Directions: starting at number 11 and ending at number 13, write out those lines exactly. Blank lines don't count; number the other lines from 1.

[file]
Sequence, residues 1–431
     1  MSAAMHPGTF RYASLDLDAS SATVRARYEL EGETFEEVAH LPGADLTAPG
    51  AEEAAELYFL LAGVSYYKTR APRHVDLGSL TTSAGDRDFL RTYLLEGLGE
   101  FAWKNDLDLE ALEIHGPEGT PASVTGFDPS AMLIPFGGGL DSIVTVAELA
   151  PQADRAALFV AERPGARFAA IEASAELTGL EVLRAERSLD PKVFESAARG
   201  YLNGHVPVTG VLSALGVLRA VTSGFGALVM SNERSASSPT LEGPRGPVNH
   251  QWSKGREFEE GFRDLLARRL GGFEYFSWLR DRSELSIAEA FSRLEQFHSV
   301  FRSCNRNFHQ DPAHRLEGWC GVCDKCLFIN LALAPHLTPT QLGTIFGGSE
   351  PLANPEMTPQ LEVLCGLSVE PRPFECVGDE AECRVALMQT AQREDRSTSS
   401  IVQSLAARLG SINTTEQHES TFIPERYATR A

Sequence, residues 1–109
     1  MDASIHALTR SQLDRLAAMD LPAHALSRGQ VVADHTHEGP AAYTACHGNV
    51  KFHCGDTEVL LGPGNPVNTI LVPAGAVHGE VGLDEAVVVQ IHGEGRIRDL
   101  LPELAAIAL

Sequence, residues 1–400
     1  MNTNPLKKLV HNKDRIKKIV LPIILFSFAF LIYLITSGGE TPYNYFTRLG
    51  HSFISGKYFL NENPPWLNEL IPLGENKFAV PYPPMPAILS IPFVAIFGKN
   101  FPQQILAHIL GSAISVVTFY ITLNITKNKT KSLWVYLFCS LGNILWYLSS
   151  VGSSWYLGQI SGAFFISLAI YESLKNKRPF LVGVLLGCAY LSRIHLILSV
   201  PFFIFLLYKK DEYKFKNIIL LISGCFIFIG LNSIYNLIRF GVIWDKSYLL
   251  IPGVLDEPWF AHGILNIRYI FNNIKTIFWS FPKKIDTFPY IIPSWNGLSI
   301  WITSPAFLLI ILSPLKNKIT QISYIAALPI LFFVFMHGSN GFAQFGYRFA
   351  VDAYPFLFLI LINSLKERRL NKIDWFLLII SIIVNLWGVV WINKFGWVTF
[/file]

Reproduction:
Sequence, residues 1–109
     1  MDASIHALTR SQLDRLAAMD LPAHALSRGQ VVADHTHEGP AAYTACHGNV
    51  KFHCGDTEVL LGPGNPVNTI LVPAGAVHGE VGLDEAVVVQ IHGEGRIRDL